As will be evident from FIG. 7, the cylindrical portion 111 a of the stirring member 111 is provided with a groove 111 c and a locking claw 111 d, whereas the shaft portion 111 a of the stirring member 110 is provided with a locking projection 110 c.

When there is no toner, the locking claw 111 d remains locked with the locking projection 110 c of the stirring member 110, maintaining a predetermined amount of difference in rotational phase between the stirring member 110 and stirring member 111. When lo there is toner, however, as the stirring member 110 begins to be driven, the locking claw 110 c rides over the locking claw 111 d, allowing the stirring member 110 begin stirring the toner while changing the difference in rotational phase between the stirring member 110 and stirring member 111. Thereafter, the contact portion 110 h of the stirring member 110 comes into contact with the contact portion 111 f of the stirring member 111, causing the stirring member 111 to begin stirring the toner. Thereafter, the stirring member 110 and stirring member 111 rotate together.

Incidentally, for the purpose of improving the stirring member 110 in stirring efficiency, all the projections 110 b may be connected by the connective member 110 i which extends in the lengthwise direction of the stirring member 110 (FIG. 8).

Further, instead of the elastic sheet 112 or the like, a piece of board, projections, a ladder-like member, or the like, may be attached as the actual toner stirring portions of the stirring member 111. These actual toner stirring portions different in shape may be solidly fixed to the cylindrical portion 111 a, or integrally formed therewith. FIG. 9 shows one of such examples: a stirring member 111 comprising the cylindrical portion 111 a, and a ladder 111 j integrally formed therewith and made up of the vertical members 111 h and horizontal members 111 i.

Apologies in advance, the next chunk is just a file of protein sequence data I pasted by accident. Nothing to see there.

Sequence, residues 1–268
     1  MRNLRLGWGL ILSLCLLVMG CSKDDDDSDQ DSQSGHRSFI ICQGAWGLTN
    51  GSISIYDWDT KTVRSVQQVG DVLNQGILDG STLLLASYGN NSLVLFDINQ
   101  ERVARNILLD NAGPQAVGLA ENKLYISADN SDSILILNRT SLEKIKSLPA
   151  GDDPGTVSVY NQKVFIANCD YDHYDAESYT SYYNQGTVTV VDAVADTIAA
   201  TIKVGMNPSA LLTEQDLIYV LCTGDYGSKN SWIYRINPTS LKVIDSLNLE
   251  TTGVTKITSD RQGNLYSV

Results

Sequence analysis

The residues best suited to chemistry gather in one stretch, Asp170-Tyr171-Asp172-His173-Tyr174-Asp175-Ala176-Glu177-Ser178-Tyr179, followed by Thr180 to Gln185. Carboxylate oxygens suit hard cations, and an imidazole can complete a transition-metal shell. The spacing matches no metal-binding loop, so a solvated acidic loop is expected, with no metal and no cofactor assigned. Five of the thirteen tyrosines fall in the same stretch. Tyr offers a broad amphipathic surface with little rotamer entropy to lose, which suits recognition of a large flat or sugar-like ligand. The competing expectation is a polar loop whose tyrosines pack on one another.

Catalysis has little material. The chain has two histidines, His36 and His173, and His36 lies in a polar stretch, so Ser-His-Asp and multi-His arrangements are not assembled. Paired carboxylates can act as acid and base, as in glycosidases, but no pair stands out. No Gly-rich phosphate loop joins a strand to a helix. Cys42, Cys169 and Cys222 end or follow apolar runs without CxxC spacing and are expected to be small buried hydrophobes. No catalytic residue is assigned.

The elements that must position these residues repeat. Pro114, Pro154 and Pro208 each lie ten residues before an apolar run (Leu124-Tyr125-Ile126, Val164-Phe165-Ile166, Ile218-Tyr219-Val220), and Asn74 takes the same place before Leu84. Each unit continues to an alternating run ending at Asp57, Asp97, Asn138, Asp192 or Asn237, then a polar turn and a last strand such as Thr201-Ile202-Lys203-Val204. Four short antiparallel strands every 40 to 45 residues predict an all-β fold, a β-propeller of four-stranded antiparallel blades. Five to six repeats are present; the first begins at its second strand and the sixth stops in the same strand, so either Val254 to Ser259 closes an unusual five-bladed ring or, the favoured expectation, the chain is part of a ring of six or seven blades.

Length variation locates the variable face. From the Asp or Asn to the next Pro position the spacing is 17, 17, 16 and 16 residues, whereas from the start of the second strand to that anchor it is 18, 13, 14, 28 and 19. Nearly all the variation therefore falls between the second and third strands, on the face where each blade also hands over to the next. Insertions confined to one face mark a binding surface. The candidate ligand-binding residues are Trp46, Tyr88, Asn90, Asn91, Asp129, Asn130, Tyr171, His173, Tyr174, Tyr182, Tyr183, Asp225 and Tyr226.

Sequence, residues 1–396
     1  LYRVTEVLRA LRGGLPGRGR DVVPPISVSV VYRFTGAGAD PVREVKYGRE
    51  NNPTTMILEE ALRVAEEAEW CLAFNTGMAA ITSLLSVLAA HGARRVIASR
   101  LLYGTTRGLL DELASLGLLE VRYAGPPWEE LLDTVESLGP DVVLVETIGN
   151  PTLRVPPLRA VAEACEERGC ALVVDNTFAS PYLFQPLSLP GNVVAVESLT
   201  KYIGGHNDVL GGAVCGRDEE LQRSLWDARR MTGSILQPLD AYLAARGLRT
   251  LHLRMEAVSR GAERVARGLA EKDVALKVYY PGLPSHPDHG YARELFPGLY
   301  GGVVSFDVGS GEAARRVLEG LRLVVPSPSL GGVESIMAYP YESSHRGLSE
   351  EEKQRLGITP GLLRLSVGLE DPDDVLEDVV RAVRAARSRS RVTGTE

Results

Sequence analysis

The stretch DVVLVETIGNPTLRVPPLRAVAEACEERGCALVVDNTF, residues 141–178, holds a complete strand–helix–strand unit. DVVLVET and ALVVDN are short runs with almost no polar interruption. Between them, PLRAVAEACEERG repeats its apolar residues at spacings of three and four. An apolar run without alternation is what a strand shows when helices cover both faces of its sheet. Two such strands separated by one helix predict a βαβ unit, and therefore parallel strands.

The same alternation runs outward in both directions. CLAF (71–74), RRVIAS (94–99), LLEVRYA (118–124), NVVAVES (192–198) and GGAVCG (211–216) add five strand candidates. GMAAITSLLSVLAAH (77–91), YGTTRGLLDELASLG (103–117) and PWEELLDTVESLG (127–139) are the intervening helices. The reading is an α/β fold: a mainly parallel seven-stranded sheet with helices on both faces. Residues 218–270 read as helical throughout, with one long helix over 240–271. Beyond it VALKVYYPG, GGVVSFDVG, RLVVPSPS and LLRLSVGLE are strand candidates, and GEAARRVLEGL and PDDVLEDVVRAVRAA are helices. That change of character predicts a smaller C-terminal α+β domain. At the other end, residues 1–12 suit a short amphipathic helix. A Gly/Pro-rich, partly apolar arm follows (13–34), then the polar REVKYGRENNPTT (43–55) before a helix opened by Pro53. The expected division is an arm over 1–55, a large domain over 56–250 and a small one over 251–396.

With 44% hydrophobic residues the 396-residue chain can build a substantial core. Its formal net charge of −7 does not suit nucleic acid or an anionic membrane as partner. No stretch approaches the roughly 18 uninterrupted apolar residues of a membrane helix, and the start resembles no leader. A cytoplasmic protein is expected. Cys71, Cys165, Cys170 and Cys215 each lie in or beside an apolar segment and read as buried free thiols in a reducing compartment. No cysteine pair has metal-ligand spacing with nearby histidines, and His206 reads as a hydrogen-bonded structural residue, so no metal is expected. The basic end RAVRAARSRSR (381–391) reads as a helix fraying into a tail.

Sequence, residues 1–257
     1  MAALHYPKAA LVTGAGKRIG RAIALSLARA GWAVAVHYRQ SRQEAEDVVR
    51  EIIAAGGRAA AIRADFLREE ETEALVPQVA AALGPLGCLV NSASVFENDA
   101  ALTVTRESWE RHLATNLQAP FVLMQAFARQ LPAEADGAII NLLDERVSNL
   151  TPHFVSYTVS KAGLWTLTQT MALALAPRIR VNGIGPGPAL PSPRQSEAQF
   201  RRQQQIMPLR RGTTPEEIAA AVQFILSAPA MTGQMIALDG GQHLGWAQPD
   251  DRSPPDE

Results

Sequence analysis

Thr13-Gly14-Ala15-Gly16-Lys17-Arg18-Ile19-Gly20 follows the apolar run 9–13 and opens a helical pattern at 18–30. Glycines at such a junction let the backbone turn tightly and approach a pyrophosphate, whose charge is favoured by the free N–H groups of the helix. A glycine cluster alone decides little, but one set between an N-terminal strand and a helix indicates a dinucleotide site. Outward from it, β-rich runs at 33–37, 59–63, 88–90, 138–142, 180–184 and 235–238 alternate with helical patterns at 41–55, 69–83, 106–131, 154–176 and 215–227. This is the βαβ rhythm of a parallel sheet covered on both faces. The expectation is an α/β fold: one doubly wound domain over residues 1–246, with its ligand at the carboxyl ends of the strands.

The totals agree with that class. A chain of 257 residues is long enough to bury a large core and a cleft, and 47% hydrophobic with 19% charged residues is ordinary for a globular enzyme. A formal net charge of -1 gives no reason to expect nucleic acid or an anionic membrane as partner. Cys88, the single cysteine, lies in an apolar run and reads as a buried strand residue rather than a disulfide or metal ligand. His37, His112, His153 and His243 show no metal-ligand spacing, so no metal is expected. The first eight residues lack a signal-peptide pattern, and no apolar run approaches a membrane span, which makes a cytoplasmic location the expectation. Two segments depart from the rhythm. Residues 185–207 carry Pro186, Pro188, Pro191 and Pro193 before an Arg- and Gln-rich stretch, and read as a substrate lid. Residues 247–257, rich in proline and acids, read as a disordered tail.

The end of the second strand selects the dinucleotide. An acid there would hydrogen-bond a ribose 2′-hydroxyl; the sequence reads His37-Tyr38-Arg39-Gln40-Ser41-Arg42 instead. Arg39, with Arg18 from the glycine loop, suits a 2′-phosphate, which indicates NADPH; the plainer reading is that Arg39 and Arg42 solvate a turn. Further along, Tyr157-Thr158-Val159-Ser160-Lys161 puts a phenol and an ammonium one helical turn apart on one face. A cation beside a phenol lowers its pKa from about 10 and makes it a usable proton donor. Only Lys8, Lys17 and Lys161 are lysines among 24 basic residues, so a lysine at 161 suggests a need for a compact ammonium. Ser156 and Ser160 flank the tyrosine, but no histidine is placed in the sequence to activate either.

At this time, the rotational velocity of the first and second stirring means 100 and 101 will be described. Referring to FIG. 2, the first stirring means 100 rotates in the direction (indicated by arrow mark Y2) to send the toner into the developing means supporting frame 13, whereas the second stirring means 101 rotates in the direction (indicated by arrow mark Y2) to send the toner into the first toner storage portion 21 a through the opening 30. The angular velocities ωa and ωb of the first and second stirring means 100 and 101 are set so that the an inequality: ωa>ωb is satisfied; in other words, the angular velocity ωa of the first stirring means 100, or the downstream stirring means, is made greater than the angular velocity ωb of the second stirring means 101, making it easier for the toner to be supplied to the development roller 20. In comparison, the angular velocity ωb of the second stirring means, or the upstream stirring means being farther away from the developing means supporting frame 13, is made as slow as possible within the range in which the toner can be moved into the first toner storage portion 21 a.